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Michael Schumacher survived a pit lane fire and a brief shower to win his third race in a row for Ferrari. Behind him, Kimi Raikkonen was made to fight for second, but after six races, we are still to see the first Ferrari 1-2.

Austria, where as Clive James so memorably put it in "All over down under", "the Waldheims sing Kurtly among the edelweiss.". There are, thankfully, no aging Nazi war criminals in the Austrian government any more, but what Bernie Ecclestone would doubtless call the 'health fascists' have decided there shall be no tobacco sponsorship of sport from 2004, and so it would seem this will be the last time that we visit Austria. Instead, F1, which has never been shy of the odd visit to a banana republic will be moving the show to Bahrain, or China or some other such enlightened place.

"All over down under" was of course Clive James' review of the 1986 Formula One season, and while he may have publicly avowed never to watch another F1 race again after last year's Red Farce, he might want to come back in three years or so for a mini-me sequel. A quick look through the junior formulae results show that one Nelson Angelo Piquet is winning in British F3, while Nico Rosberg is scoring well in German F3. And to cap it all, Nicolas Prost made his single seater debut the other weekend. I must get around to checking what the results of the various Senna paternity suits that came out of the shadows following his death were......

For now, we will have to make do with Jacques Villeneuve, and on the evidence of first qualifying, it might be enough. The Ferraris were, predictably enough, first and second. After that though, it was funny-pills time. Mark Webber continues to emphasise the fact that he is a much better F1 driver than his junior career would lead anyone to suspect by hauling his Jaguar up to third, and behind him, no McLarens or Williams, but instead Jacques Villeneuve's BAR, closely followed by Jenson Button's sister car. The really big loser of the day was Ralf Schumacher, who spun on his quick lap up at turn two and would have to start the second session first.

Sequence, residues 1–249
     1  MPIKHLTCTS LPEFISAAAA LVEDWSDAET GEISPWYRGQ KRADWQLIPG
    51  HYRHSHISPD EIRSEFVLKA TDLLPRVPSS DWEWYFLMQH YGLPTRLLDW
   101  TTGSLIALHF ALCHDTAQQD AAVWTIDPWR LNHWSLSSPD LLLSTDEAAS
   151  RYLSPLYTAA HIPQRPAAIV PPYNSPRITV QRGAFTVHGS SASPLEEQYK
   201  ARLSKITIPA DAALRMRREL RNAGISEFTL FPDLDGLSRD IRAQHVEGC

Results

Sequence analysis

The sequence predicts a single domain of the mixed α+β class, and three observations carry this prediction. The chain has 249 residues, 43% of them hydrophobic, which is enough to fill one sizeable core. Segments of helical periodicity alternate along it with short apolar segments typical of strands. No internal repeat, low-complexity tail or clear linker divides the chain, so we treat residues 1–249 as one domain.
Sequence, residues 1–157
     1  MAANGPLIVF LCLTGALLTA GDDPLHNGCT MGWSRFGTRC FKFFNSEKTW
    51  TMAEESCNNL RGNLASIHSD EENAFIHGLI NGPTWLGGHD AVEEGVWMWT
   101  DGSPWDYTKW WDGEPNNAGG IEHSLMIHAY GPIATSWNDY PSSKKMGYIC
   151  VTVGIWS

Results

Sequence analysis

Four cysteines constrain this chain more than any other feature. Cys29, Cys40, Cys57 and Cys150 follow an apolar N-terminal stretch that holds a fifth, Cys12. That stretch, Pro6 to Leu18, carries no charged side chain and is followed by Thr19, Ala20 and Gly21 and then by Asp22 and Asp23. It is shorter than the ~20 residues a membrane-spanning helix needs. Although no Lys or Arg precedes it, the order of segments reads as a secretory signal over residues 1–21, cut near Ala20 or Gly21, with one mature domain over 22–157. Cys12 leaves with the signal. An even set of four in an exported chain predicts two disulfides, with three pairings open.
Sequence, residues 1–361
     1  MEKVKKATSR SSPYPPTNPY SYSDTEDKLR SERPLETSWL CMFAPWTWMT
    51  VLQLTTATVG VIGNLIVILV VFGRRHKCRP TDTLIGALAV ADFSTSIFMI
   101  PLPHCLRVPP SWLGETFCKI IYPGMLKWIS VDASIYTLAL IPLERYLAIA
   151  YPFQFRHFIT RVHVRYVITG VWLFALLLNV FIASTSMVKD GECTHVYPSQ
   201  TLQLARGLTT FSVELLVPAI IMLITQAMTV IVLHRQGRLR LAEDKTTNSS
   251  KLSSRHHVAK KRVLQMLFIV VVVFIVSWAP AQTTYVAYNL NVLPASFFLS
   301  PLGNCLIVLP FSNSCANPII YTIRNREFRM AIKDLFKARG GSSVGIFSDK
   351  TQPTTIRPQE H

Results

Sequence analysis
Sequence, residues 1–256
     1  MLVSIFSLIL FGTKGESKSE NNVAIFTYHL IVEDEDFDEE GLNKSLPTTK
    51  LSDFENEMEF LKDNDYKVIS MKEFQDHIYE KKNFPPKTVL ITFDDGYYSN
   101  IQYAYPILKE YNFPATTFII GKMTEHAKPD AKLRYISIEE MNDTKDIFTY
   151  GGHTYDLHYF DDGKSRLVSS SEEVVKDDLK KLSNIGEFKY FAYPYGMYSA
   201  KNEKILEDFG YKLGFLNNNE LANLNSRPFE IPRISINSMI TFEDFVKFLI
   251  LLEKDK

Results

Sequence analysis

The fight for pole was of a more conventional nature. Of the early runners, Nick Heidfeld was impressively quick, but Sauber have a long established tradition of running one of their cars light for Saturday afternoon glory, so this was not the surprise it might have been. He would end up fourth. The top three slots were filled by the official or unofficial number ones at Ferrari, McLaren and Williams. Michael Schumacher edged out Kimi Raikkonen by a handful of hundredths, and Juan Montoya was third and a couple of tenths back. Further down the grid, Giancarlo Fisichella was among the unexpected winners of the afternoon, lining up ninth in his Jordan despite a costly slide out of the last corner. Ralph Firman looked set for a similar sort of time in his car until losing a second or so in the last corner and ending up sixteenth. The big losers of the afternoon were Fernando Alonso, who went off at turn four and ended up nineteenth, Coulthard, who had a wild and error strewn lap, to line up fourteenth, Jacques Villeneuve, who was similarly all over the place in his BAR and ended up twelfth, and finally Friday's man, Mark Webber, who went seriously wide on at least two occasions and ended up seventeenth. When asked why, he blamed Villeneuve for making such a mess of the track on his lap. Miaow. Jos Verstappen failed to record a time when his Minardi's gearbox broke a few hundred metres into his lap, but it was hard to discern exactly how this disadvantaged him really, as he would have probably ended up around about last anyway.